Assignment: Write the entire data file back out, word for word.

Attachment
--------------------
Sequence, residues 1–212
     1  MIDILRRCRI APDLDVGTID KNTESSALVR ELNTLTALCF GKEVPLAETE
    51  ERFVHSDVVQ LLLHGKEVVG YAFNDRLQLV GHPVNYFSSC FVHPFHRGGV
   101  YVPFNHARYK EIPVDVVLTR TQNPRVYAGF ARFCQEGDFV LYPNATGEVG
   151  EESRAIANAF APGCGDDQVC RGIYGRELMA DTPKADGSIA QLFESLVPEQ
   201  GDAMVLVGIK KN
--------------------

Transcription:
Sequence, residues 1–212
     1  MIDILRRCRI APDLDVGTID KNTESSALVR ELNTLTALCF GKEVPLAETE
    51  ERFVHSDVVQ LLLHGKEVVG YAFNDRLQLV GHPVNYFSSC FVHPFHRGGV
   101  YVPFNHARYK EIPVDVVLTR TQNPRVYAGF ARFCQEGDFV LYPNATGEVG
   151  EESRAIANAF APGCGDDQVC RGIYGRELMA DTPKADGSIA QLFESLVPEQ
   201  GDAMVLVGIK KN